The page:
Treating cancer should be customized to each patient. As you and your health care team consider the best treatments for your personal needs, you might discuss clinical trial opportunities. This can bring on many emotions for patients and their loved ones, from curiosity and hope to wonder and worry.
Many patients consider clinical trials because they can offer access to new treatments that may make a difference in their cancer journey. What's more, what is learned through this important research can help change the way cancer is treated in the future to make a positive impact for others.
What is a clinical trial?
Clinical trials are research studies designed to find better ways to treat cancer and may test many types of treatment such as new drugs, new combinations of treatments, new approaches to surgery or radiation therapy, or new methods such as vaccine or gene therapy.
"Doctors and health care professionals learn important information in these trials to help them provide the best treatment possible to patients," says Dr. Tim Larson, medical oncologist and director of research at Minnesota Oncology. "Modern medicine is always advancing and clinical trials are an important component of this evolution."
Many people have questions about clinical trials and Dr. Larson stresses it's important to bring these conversations up with your health care team. Additionally, he helps shed light on some widely believed myths about clinical trials to help patients and their caregivers better understand these important medical studies:
Myth 1: Clinical trial participants might receive a placebo rather than real therapy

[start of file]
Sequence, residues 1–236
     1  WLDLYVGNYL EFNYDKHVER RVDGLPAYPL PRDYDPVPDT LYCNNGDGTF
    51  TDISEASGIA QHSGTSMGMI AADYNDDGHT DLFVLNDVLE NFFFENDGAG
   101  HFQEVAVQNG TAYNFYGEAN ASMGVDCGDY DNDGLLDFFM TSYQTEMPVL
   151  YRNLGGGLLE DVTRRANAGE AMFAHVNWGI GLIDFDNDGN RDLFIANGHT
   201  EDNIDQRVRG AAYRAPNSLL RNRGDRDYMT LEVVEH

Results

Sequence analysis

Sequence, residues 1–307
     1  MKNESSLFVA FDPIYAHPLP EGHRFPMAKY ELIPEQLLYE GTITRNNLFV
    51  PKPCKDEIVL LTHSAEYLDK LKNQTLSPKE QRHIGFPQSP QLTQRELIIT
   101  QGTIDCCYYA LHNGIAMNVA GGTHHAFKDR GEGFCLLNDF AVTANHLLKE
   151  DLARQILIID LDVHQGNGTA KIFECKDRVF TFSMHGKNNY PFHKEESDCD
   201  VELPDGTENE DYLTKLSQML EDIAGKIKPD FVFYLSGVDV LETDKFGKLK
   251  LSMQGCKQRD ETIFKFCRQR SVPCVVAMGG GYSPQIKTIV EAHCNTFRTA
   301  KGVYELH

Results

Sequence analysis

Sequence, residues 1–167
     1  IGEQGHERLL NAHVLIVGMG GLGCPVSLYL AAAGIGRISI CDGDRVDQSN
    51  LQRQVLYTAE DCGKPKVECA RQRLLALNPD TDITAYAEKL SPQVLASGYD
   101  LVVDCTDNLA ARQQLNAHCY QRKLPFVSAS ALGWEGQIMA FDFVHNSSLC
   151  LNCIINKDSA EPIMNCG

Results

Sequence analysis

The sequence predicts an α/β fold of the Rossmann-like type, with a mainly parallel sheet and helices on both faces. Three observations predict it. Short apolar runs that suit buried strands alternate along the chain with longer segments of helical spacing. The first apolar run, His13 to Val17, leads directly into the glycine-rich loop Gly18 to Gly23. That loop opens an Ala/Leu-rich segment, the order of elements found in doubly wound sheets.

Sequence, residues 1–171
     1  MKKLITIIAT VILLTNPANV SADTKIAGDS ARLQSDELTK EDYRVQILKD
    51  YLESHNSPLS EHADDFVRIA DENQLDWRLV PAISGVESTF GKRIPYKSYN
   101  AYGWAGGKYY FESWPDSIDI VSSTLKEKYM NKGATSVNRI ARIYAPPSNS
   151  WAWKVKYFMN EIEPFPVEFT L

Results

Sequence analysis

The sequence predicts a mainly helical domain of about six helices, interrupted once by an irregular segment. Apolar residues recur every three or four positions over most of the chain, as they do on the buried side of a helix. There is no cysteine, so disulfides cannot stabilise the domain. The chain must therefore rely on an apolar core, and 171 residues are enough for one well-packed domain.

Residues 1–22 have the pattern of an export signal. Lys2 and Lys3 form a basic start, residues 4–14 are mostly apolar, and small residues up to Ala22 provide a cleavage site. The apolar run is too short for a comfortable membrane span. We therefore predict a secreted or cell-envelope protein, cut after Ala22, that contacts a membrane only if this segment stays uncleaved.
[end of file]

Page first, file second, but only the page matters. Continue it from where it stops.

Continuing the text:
Placebos are inactive medications that are occasionally used in cancer clinical trials but are never used in place of the best-known standard of care. If a placebo is used, it is given along with an active drug or in situations where standard of care would be observation.
Myth 2: Clinical trials can delay treatment or limit other treatment options
Clinical trials are completely voluntary and do not limit access to other care. A participant can withdraw from a trial at any time and for any reason to pursue a different course of treatment. You can continue to have ongoing discussions about treatment options with your health care team.
Myth 3: Clinical trials are not safe because the effectiveness of the treatment is unknown
Extensive research is conducted on a new treatment before it’s tested with trial participants to ensure safety. Additionally, regulations are in place to protect patients’ rights and ensure trials meet strict scientific and ethical standards.
Myth 4: Clinical trials are only for patients with advanced cancers
While there are clinical studies only for patients who have tried all treatment options or who have a cancer that is seldom seen, there are also many trials for first line treatment, common cancers and other subjects of interest. This is why it's important to ask and stay informed.
Myth 5: Clinical trials are only offered at hospitals or academic facilities
Today clinical trials are offered in many settings, including community-based cancer centers. Patients can access the newest trials with the same resources and expertise as a large health system, right in their community.
"Community-based oncology practices such as Minnesota Oncology play a critical role in the development of new treatment options for patients," says Dr. Larson. "My fellow Minnesota Oncology physicians and I believe clinical trials are an important component of cancer care and are crucial for improving cancer treatment."
How can you learn more about clinical trials?
Trials are always happening and can focus on many different areas, which means a wide range of patients may be eligible for participation. Some areas of focus may include:
- Quality of life
- Supportive care
Depending on the study, participants may need to meet certain criteria for type and stage of cancer, age and sex, general health and previous treatment received. Ask your health care team about clinical trial opportunities that could be right for you. Learn more at mnoncology.com.
Listen to our Cancer Care Today podcast on clinical trials here.